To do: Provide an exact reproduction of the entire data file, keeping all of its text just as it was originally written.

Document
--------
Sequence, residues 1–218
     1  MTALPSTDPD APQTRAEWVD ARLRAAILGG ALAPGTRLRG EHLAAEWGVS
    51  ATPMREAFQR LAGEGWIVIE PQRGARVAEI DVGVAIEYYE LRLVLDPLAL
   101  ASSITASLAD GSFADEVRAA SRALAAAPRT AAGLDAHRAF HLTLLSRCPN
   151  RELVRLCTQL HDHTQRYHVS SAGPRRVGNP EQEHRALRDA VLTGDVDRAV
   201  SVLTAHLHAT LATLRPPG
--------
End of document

Sequence, residues 1–218
     1  MTALPSTDPD APQTRAEWVD ARLRAAILGG ALAPGTRLRG EHLAAEWGVS
    51  ATPMREAFQR LAGEGWIVIE PQRGARVAEI DVGVAIEYYE LRLVLDPLAL
   101  ASSITASLAD GSFADEVRAA SRALAAAPRT AAGLDAHRAF HLTLLSRCPN
   151  RELVRLCTQL HDHTQRYHVS SAGPRRVGNP EQEHRALRDA VLTGDVDRAV
   201  SVLTAHLHAT LATLRPPG